Tucson Listed in Top 25 Best Fall Trips in the World
Road Bike in Tucson, Arizona
There are few better places in the U.S. for world-class cycling than Tucson—at least outside the triple-digit heat of summer. The city of 500,000 has become a magnet for serious bikers in winter, but fall may be the best time of all, with afternoon highs in the 80s (and mornings much cooler than that). The aspen and maple trees in the canyons of Santa Catalina Mountains turn bright gold and deep red, and locals come out of their summer hibernation to host a series of fall events, which includes gem shows and artisan markets that are huge draws for the artists that have put Tucson on the map. For cyclists, however, the focus is blacktop, and the sheer number of road options is the real attraction. There are easy rides, like various sections of the Loop—a 131-mile network that connects all corners of the city to one another with butter-like pavement—to classic epics like Madera Canyon, a 61 to 80 mile out and back that’s popular with the pros who train here in winter. In fall, one of the best rides may be the city’s most famous—Mount Lemmon, a nearly 7,000-foot climb over 59 miles that will take in the aspen trees in the Catalina Mountains. Back in town, there a number of new restaurants to try, including Barrio Charro, a joint project between chef Carlotta Flores of the Charro restaurant family and Don Guerra of Barrio Bread, with menu items like Southwest-inspired “tortamanos” sandwiches, with pulled pork and prickly pear BBQ sauce on house-baked azteca bread. Opening in mid-September, The Citizen Hotel (from $200) is a 10-room inn in a converted downtown building that once housed Tucson’s oldest newspaper. The property is a joint project between hotelier Moniqua Lane and Arizona winemakers Sarah and Rob Hammelman, and it will feature a 5,000-square-foot wine barreling and tasting room in the basement, an easy way to wind down after a ride. —R.K.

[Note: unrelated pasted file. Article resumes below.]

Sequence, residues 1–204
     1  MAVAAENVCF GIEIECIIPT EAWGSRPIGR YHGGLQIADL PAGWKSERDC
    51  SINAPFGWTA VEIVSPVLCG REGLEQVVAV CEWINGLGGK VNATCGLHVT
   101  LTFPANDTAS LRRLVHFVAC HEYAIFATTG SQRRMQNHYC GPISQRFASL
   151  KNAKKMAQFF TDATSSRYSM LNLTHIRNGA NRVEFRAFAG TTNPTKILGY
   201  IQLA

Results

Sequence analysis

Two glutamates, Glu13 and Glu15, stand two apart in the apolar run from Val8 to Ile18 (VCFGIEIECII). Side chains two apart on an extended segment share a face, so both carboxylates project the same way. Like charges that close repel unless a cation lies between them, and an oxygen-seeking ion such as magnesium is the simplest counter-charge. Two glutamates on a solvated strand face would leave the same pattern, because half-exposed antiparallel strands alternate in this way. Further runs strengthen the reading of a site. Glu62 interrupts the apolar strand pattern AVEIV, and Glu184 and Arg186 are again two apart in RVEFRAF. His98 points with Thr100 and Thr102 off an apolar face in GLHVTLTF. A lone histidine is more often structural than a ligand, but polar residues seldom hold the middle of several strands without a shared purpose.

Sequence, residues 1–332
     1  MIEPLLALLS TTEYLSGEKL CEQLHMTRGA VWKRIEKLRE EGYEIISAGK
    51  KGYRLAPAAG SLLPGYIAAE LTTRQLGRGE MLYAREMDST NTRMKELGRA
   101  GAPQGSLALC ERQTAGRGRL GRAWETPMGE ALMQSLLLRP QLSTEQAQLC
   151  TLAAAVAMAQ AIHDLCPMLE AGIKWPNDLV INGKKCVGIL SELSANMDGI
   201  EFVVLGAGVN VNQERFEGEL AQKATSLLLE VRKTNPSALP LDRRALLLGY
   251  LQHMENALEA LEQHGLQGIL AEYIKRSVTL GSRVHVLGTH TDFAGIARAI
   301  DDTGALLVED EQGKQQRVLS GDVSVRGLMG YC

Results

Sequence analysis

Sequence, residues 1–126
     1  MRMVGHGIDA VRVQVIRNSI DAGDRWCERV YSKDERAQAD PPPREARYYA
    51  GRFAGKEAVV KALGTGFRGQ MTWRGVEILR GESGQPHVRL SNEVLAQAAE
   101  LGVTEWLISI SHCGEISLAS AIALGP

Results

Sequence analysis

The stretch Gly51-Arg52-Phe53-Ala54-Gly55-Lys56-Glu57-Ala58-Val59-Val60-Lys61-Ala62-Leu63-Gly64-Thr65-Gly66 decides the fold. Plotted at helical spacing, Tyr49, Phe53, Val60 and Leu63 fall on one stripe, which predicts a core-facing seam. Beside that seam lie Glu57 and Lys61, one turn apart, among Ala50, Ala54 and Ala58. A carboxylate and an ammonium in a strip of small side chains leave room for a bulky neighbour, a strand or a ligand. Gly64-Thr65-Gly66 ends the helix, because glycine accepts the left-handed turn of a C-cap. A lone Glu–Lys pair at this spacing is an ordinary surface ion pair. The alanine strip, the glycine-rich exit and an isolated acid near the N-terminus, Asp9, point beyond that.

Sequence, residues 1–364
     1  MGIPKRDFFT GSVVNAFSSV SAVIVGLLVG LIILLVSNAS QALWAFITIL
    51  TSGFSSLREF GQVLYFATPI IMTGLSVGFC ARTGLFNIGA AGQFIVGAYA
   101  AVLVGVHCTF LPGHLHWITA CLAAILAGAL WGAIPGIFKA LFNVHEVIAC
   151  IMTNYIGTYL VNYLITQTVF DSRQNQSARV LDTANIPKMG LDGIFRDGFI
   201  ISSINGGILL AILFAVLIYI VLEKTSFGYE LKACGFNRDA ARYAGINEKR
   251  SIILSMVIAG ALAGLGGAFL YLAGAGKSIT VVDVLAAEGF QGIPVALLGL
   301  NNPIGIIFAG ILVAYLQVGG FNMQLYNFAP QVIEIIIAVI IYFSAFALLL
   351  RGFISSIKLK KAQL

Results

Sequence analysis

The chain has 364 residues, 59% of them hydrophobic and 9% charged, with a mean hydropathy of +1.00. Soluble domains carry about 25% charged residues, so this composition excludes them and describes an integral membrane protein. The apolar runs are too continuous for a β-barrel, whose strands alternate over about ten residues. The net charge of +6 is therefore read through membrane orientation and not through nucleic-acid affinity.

Tucson Ranks No. 9 Among New U.S. Tech Markets
CBRE: Tucson Ranks No. 9 Among New U.S. Tech Markets
In its 2021 Scoring Tech Talent report, CBRE ranked Tucson No. 9 among 25 up-and-coming U.S. tech markets.
The annual report, which analyzes 75 U.S. and Canadian markets on their ability to attract and grow tech talent, noted that Tucson’s total tech growth increased 47% in the past five years while its tech wage growth increased 13% over the same period. Total tech employment in Tucson for 2020 was 15,850 with total wages averaging $85,786.
“Fostering talent development in lesser-known and underdeveloped U.S. and Canadian markets could offer additional talent pools to employers seeking to expand their geographical reach and uncover opportunities,” the report said. “These 25 smaller markets represent potential and in the U.S. are concentrated in the Midwest and South.”
The 25 potential markets were ranked separately from CBRE’s scorecard of the 50 larger tech cities, based on their relative strength in eight of the 13 metrics used for those larger cities. Those included tech talent supply, wages, tech-talent concentration, recent tech talent growth rates and their outlook.
UArizona Among Top Global Universities Granted Utility Patents in 2020